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                                                          2015 INTERNATIONAL ENERGY CONSERVATION CODE (IECC)
The International Energy Conservation Code sets requirements for the “effective use of energy” in all buildings. Certain buildings that have very low energy use (such as buildings with no heating or cooling) are exempt. The code applies to new buildings and to remodels, renovations, and additions to buildings.

The IECC is typically published every three years, though there are some exceptions. In the last two decades, full editions of the IECC came out in 1998, 2000, 2003, 2006, 2009, 2012, and 2015.

Though there were changes in each edition of the IECC from the previous one, the IECC can be categorized into two general eras: 2003 and before, and 2004 and after. This is because the residential portion of the IECC was heavily revised in 2004

​​Another benefit is marketability. Consumers expect a new home to be built in compliance with local building codes, but they don’t understand what “compliance with the energy code” means. However, providing consumers with an ERI score allows home buyers to better understand the efficiency of a house and compare House A to House B.

There is also an added benefit for builders that are already building to Energy Star or using HERS. The ERI option now gives those builders a way to more easily demonstrate compliance to the local building official. Overall, the ERI compliance option provides design flexibility that can lead to significant cost savings over the prescriptive path, while also allowing home buyers to understand a home’s energy efficiency. 

As states look to adopt the 2015 IECC, Enteligreen’s sustainable E3D Homes already have!

​​​​​​​​​​​​​​​​​​​​​The map here (above) shows the primary building envelope requirements for all residential buildings in the 2015 IECC. The climate zones were completely revised - reduced from 17 zones to 8 primary zones in 2004 - with three of the eight zones in Texas - 2, 3 and 4 - and the building envelope requirements were restructured into a different format. (Austin, TX is in Zone 2 - Charleston, SC is Zone 3)

​Changes to the 2012 code made the 2015 version the most energy-saving code yet. But, as with any building code, the 2015 IECC has to be adopted by a state or local jurisdiction before it takes effect. Roughly half of the country is currently under the 2009 IECC, but many states and cities are considering the 2015 IECC as their next energy code, rather than adopting the 2012 IECC. This will affect home builders across the country.

In terms of overall energy savings, the 2015 IECC is not significantly different than the 2012 version. It is, however, roughly 15 percent better than the 2009 IECC. This will mean a jump in energy targets is in the future for a number of states.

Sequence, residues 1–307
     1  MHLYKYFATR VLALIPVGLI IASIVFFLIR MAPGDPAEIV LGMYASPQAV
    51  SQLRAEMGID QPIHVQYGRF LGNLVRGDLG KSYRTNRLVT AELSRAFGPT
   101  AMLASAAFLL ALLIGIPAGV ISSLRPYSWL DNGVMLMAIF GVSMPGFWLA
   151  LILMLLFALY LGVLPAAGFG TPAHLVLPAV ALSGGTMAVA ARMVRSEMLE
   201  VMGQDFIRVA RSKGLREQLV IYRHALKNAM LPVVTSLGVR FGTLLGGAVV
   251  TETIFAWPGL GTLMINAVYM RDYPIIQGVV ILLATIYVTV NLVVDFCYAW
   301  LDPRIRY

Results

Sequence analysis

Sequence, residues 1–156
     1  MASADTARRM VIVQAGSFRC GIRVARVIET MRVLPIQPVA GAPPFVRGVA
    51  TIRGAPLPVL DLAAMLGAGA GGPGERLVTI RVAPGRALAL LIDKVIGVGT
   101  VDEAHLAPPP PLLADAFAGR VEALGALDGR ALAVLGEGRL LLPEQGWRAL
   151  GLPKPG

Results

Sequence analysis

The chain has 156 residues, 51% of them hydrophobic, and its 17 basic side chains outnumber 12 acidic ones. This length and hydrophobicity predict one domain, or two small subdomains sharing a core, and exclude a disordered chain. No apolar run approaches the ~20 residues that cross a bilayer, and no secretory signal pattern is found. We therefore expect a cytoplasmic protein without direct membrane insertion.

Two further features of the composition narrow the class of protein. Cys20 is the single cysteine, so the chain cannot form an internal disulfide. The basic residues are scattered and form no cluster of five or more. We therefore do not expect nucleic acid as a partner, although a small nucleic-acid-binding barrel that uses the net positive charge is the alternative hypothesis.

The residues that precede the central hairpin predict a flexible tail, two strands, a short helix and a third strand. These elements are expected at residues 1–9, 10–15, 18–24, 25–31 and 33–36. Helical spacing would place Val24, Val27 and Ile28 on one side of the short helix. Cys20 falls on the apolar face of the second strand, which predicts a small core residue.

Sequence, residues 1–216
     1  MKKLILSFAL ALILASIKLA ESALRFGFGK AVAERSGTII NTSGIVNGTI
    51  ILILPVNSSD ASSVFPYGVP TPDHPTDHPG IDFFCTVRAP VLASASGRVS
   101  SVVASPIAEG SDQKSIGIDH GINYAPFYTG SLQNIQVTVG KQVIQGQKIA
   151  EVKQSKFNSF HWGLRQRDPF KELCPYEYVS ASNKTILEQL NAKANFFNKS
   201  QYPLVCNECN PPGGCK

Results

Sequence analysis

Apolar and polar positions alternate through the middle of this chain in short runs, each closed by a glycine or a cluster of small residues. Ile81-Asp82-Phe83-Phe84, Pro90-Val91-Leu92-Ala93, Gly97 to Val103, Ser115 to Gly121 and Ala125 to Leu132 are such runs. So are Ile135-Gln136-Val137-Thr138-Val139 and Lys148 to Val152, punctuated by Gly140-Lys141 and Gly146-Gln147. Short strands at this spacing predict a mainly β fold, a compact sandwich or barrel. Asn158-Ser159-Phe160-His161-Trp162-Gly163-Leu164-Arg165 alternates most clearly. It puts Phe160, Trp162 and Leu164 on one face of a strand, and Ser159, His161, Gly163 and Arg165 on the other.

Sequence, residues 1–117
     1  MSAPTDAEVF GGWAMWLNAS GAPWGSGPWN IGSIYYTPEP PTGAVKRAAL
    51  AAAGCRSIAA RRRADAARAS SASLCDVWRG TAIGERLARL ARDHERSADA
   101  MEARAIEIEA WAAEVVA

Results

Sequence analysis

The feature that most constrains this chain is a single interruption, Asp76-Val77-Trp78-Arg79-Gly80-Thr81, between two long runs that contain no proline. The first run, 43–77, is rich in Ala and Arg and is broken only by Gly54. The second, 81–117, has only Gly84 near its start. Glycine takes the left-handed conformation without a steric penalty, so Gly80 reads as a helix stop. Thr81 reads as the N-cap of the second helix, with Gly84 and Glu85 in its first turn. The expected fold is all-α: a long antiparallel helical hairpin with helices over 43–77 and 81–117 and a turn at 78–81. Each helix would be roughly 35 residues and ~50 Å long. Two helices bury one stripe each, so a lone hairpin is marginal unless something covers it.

The 2015 IECC is more user-friendly, in order to make it easier to realize the targeted energy savings.  The biggest change to affect builders is the introduction of a new Energy Rating Index (ERI) compliance path. The ERI compliance path represents an important evolutionary step toward a code based on whole-house energy consumption and not a debate over specific values of individual components.

The voluntary ERI compliance path for the 2015 IECC gave builders the option of complying with the code by meeting a target Energy Rating Index score. This is a numerical score where 100 equates to the levels prescribed in the 2006 IECC and 0 is equivalent to a net-zero-energy home - like a Net-zero Enteligreen E3D Home.

One example of this score is RESNET’s Home Energy Rating System (HERS) rating, a tool already being used to rate one-third of all new homes. In addition to meeting the ERI target for a home’s climate zone, under the ERI compliance path a builder must also meet minimum envelope requirements not less than the 2009 IECC levels.

When introduced, the ERI provision was supported by more than 20 of the country’s biggest home builders and 90 of small builders and other building industry businesses and nonprofits. This compliance path is a win for builders, as it allows them to select the most cost-effective energy efficiency measures to achieve the best performance for each home depending on its climate zone, rather than installing a series of prescriptive measures. Research conducted for the Leading Builders of America by The Home Innovation Research Laboratory found that using an ERI-based approach allows builders to achieve identical energy savings as those achieved through the prescriptive path, but at a reduced cost of $1,700 for the typical new home. The research found that the cost of complying with the prescriptive path was about $3,000, while identical levels of efficiency could be achieved under the ERI path for about $1,300 (which includes the cost of the rating). The ERI compliance option keeps construction costs lower because of the added flexibility in how compliance is achieved. Builders can consider equipment as well as the building envelope in calculating their ERI score.

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